After such time as relations between Syria and the United States hit an all time low, the US government decided to enact a comprehensive retaliatory policy against Syria, known formally as the Syrian Accountability and Lebanese Sovereignty Restoration Act (SAA) of 2003. The SAA limited trade and negotiations between the two countries until such time as the United States deemed that Syria in compliance of US findings. Introduced on April 12th 2003, Senators Rick Santorum (R-PA) and Barbara Boxer (D-CA) submitted a bill to Congress calling for the United States to take action against Syria for crimes committed against Israel and for Syria's support of terrorism. The proposed findings included; a) accusations of Syrian violation of United Nations Resolution 1373 which mandated that countries ``refrain from providing any form of support, active or passive, to entities or persons involved in terrorist acts,'' also noting that internationally recognized terrorist organizations such as Hamas, Hezbollah and the Palestinian Liberation Army houses training camps in Syria b) accusations that Syria violated United Nations Security Council Resolution 520, which mandates that states must not violate the sovereignty of another state, the United States pointed to Lebanon as the primary recipient of this violation and c) Syria has continued to attack Israeli forces and targets despite cease fires mandated by the United Nations.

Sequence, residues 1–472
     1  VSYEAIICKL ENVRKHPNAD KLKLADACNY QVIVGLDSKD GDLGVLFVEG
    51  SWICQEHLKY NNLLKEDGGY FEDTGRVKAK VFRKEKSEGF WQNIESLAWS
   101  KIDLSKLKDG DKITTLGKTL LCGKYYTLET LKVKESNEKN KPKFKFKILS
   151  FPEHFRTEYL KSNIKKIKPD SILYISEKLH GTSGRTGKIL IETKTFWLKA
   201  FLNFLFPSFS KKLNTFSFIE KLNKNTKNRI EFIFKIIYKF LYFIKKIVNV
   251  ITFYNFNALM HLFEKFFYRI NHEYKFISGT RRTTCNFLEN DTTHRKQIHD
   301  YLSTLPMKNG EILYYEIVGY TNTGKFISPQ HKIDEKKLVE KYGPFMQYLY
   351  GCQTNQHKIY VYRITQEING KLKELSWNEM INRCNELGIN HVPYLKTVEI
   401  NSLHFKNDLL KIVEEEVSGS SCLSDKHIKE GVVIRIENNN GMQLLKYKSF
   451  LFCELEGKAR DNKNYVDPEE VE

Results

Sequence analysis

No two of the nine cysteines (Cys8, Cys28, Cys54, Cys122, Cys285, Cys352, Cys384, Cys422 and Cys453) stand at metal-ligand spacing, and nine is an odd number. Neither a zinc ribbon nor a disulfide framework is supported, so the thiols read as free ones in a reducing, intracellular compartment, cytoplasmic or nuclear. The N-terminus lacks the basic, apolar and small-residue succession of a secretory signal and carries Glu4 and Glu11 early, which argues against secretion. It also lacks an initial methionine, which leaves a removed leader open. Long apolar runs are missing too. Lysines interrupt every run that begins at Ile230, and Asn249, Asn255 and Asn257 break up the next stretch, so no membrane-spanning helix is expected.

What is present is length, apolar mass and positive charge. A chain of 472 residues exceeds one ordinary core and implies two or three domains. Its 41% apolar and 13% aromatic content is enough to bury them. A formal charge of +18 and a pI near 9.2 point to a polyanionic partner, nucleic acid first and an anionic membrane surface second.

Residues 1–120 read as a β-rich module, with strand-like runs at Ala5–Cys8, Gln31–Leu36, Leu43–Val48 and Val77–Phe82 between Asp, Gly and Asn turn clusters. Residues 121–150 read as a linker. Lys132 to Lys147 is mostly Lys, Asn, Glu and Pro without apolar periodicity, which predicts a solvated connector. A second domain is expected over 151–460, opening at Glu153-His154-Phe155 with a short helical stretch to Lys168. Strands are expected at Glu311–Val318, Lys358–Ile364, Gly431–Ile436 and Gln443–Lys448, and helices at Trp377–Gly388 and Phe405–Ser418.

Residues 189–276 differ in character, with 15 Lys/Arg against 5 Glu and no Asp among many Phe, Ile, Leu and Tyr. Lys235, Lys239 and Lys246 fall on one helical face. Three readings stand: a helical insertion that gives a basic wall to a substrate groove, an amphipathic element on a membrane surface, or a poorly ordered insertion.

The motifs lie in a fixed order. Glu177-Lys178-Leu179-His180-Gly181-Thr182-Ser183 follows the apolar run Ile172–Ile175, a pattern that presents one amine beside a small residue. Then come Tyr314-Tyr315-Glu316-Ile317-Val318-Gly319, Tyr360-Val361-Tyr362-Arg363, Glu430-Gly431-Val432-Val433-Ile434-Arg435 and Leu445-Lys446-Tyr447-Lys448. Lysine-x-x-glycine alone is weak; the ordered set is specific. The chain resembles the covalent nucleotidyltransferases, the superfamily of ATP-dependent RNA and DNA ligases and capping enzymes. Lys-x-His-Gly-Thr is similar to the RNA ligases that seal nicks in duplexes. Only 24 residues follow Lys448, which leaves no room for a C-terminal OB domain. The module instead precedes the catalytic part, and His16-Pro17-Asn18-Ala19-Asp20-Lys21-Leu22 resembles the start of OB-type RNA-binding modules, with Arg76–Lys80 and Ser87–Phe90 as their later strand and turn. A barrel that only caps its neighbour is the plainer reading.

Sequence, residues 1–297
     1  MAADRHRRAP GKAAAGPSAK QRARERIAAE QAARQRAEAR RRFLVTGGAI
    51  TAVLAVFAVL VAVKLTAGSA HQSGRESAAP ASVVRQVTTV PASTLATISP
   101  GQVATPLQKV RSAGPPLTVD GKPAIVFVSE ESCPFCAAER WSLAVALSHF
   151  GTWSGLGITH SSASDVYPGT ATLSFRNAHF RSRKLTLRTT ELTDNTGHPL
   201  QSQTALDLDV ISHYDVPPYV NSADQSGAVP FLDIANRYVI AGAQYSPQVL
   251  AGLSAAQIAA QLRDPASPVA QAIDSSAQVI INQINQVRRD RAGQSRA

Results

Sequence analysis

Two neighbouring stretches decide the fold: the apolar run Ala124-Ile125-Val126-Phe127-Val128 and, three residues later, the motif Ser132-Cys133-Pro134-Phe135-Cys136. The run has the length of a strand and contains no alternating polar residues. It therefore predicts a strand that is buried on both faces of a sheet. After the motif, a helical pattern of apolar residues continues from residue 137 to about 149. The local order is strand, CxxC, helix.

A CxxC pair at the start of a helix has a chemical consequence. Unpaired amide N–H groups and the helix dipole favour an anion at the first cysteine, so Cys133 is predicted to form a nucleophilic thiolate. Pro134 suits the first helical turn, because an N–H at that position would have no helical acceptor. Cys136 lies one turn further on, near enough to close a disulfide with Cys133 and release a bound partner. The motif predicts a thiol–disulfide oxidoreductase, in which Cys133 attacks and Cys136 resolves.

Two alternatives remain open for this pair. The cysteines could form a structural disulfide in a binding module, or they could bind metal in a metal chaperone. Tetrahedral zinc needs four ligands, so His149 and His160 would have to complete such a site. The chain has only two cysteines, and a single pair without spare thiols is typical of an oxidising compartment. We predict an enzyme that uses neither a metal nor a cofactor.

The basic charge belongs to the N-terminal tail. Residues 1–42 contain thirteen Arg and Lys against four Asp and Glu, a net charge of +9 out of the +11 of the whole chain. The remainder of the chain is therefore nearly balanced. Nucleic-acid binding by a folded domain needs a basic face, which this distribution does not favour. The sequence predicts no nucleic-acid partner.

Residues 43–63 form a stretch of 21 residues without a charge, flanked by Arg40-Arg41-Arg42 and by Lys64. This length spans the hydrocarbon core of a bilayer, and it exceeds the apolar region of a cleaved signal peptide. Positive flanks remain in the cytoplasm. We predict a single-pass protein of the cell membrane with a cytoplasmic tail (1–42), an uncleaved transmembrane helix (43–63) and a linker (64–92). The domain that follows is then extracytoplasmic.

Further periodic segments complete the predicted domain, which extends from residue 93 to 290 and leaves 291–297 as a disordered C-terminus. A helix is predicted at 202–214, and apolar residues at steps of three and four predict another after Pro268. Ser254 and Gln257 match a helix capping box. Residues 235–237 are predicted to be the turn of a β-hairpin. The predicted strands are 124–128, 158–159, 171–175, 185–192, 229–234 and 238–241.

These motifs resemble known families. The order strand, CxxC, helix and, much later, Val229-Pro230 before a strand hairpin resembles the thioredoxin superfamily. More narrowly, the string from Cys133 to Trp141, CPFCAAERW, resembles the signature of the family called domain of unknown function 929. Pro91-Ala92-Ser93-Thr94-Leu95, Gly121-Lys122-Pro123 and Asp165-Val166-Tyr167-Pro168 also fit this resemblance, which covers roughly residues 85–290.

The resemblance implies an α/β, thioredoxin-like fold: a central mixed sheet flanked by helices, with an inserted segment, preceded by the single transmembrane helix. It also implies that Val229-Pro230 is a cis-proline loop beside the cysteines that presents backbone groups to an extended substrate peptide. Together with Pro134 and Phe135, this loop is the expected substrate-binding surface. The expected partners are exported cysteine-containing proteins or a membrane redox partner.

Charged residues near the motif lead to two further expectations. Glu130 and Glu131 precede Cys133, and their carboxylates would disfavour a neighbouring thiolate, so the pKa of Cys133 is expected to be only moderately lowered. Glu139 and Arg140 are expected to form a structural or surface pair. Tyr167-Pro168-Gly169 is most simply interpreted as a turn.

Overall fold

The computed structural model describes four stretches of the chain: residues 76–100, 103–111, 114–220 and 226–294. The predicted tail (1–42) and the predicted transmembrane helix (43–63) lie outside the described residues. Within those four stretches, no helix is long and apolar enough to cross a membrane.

The Syrian Accountability Act included recommendations for comprehensive sanctions on the Syrian government and sanctions on all companies that continued to trade with Syria inside and outside of the US. The United States at this point in time was more than tired of Syria's influence in Lebanon, its support of terrorism and its calls for violent action against Israel. On December 12, 2003 the SAA was signed into law by the President of the United States, George W. Bush. Upon implementation, defense of the act was rooted in the explanation that it was a punishment for past Syrian actions, but was also spun as a coercive measure for ending Syria's future support of terrorism, violence against Israel and violations of Lebanese sovereignty. When the act was signed into law the United States was not being threatened in any way by Syria, yet the United States chose to implement the Syrian Accountability Act in order to preserve US interests in Israel and in the broader Middle East. This led to feeling among the international community that the act was useless and in the opposite direction than US foreign policy should be taking. “Another problem with this proposed legislation is its bad timing. It coincides with unprecedented U.S.-Syrian cooperation in the fight against global terrorism. Syria's sharing of intelligence with the CIA following September 11 led to the arrest of several al-Qaeda members. More importantly, the quality of information that Syria supplied was such that, according to State Department official Richard Erdman, it “saved American lives.” In light of this, it makes more political sense to reward Syria than to punish it.”